The data exclusivity period is relevant to authorised medicines. It protects the originator’s investment in clinical trials.
The way it works: 8 + 2 (+1)
To obtain authorisation for a new medicine, originator companies must present evidence of the safety and efficacy of the medicine based on data obtained through lengthy and expensive clinical trials. Eight years after authorisation has been obtained, competing producers who wish to obtain authorisation for generic and biosimilar medicines can make an "abridged" application for authorisation of their generic/biosimilar products relying on the data initially provided by the originator. They must then wait a further two years before putting their generic or biosimilar product on the market.
This period of exclusivity (8+2) is referred to as the data exclusivity period and offers a ten-year period during which the originator can recoup its investment in clinical trials free from generic competition. An advantage of the system is that, on the one hand, it preserves the incentive to innovate by providing an exclusivity period and on the other it avoids the need to do unnecessary, repeat medical trials on humans or animals in relation to the generic products.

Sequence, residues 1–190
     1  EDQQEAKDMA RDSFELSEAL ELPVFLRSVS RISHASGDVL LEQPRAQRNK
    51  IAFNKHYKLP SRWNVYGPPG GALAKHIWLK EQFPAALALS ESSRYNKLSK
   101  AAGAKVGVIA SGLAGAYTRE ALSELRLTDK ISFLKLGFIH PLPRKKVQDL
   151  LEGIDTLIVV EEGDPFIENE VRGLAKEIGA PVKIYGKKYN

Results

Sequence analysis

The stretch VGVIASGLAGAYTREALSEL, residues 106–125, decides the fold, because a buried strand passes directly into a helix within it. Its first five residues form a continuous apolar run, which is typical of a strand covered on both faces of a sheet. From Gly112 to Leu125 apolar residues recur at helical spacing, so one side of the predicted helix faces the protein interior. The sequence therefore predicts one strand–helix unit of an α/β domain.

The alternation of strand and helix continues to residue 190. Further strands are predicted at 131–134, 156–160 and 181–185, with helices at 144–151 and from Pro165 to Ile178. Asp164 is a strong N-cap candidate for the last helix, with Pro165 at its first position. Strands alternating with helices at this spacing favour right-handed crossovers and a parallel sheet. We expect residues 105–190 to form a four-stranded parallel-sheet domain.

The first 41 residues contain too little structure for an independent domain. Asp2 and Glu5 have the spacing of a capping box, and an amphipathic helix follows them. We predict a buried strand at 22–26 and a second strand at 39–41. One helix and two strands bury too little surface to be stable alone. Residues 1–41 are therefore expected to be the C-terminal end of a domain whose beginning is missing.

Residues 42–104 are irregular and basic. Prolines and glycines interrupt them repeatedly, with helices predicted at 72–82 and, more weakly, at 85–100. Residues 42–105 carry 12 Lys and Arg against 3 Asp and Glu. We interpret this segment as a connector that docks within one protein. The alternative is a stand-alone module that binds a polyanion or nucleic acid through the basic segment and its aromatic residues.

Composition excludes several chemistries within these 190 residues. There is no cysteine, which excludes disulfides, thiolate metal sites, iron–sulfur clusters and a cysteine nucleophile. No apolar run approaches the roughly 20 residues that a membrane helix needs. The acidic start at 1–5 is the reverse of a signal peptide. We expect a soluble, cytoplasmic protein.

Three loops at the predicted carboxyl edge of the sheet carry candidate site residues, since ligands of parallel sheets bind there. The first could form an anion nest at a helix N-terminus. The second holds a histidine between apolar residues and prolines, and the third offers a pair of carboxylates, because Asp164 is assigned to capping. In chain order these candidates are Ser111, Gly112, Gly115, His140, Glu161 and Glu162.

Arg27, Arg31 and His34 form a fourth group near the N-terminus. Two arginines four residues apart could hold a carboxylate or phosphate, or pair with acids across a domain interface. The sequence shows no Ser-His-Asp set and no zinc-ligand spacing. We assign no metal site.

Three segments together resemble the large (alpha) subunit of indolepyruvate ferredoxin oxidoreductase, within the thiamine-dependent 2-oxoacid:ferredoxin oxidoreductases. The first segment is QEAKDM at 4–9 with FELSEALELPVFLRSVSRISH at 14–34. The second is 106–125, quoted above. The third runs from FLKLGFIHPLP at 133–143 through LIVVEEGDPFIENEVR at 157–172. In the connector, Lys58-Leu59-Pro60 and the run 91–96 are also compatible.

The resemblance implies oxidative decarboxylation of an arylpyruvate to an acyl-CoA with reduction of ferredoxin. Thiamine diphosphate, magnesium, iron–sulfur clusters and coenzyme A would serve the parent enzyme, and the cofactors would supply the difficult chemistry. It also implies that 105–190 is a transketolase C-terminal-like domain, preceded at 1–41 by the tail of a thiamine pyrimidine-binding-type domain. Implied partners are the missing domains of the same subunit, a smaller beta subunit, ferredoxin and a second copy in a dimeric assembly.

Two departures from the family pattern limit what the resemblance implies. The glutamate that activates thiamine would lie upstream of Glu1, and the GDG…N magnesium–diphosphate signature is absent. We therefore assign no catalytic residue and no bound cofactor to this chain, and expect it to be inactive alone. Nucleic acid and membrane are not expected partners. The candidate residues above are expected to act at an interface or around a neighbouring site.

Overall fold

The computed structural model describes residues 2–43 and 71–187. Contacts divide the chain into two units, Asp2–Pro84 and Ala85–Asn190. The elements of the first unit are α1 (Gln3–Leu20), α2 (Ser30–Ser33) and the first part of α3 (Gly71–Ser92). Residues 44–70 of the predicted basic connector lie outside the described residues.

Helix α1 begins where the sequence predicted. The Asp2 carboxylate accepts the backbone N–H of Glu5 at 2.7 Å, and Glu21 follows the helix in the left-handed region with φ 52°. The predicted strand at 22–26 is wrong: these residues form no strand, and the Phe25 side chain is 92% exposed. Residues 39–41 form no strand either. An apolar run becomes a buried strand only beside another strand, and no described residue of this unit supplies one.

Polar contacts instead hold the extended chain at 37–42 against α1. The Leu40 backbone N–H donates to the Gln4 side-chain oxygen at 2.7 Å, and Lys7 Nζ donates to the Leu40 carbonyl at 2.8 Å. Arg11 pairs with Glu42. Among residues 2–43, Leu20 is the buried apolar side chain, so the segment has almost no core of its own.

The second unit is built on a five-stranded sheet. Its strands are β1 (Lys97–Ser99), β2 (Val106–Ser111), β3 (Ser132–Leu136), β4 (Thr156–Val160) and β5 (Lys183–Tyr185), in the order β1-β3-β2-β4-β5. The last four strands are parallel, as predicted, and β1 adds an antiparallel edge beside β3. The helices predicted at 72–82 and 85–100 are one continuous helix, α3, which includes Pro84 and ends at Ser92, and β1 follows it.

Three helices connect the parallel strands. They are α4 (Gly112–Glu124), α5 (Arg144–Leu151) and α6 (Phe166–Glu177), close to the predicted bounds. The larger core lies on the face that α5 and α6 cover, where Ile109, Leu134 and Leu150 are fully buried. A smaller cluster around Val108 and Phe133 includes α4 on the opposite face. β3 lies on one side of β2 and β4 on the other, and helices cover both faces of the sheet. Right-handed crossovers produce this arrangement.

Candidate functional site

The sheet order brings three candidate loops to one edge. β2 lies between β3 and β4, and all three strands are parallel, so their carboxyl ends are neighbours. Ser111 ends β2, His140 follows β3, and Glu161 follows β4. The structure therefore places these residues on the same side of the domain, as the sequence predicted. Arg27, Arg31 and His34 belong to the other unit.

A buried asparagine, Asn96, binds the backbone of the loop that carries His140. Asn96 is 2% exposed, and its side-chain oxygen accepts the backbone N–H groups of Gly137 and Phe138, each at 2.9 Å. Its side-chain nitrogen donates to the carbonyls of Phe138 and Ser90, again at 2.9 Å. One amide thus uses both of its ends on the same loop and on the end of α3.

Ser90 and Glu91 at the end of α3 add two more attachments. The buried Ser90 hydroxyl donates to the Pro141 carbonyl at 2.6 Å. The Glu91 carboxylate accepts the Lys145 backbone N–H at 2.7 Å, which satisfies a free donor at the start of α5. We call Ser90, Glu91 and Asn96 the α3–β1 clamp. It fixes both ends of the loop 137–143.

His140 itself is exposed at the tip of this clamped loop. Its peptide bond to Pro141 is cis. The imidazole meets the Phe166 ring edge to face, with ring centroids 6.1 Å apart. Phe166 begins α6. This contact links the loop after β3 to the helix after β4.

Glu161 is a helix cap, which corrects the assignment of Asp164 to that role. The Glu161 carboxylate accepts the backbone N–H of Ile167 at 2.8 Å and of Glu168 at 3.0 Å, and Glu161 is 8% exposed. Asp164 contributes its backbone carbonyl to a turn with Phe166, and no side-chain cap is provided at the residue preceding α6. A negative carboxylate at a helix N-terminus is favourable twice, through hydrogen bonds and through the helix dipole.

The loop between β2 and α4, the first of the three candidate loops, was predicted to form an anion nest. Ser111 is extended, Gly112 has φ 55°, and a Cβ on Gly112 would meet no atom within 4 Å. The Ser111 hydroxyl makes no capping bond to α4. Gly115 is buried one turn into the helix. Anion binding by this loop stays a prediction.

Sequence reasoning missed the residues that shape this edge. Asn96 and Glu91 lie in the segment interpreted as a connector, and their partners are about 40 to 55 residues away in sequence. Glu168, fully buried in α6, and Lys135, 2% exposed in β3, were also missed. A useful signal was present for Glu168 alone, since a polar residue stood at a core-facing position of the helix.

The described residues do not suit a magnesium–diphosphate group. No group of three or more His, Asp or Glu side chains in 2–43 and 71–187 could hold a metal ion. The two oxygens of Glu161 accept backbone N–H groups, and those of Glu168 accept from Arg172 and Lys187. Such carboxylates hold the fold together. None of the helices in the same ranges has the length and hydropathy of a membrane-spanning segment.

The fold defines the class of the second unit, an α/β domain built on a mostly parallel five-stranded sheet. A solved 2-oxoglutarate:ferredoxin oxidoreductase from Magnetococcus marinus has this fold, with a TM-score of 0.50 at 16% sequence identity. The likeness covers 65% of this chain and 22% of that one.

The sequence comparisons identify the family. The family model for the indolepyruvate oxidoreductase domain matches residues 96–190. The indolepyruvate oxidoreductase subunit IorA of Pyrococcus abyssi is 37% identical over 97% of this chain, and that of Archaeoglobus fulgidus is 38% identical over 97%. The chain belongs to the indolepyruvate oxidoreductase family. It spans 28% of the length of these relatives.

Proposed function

The exclusivity period may be extended by one year (+1) to a maximum of 11 years if the authorisation holder obtains authorisation for one or more new therapeutic indications during the first eight years. The new indication(s) must bring "significant benefit" compared with existing therapies, and this will be assessed during the authorisation process. Medicines which have complied with an agreed paediatric investigation plan and orphan medical products (products for rare diseases) may also qualify for extensions.
Interaction with patent protection
The patent regime is independent of the data exclusivity regime. A data exclusivity period may exist even where there has been no patent - or where the patent has been revoked for invalidity - and it may overlap with patent protection. In some cases, data exclusivity may extend beyond the term of patent protection, particularly where - as is common - patent protection has been applied for at the research stage.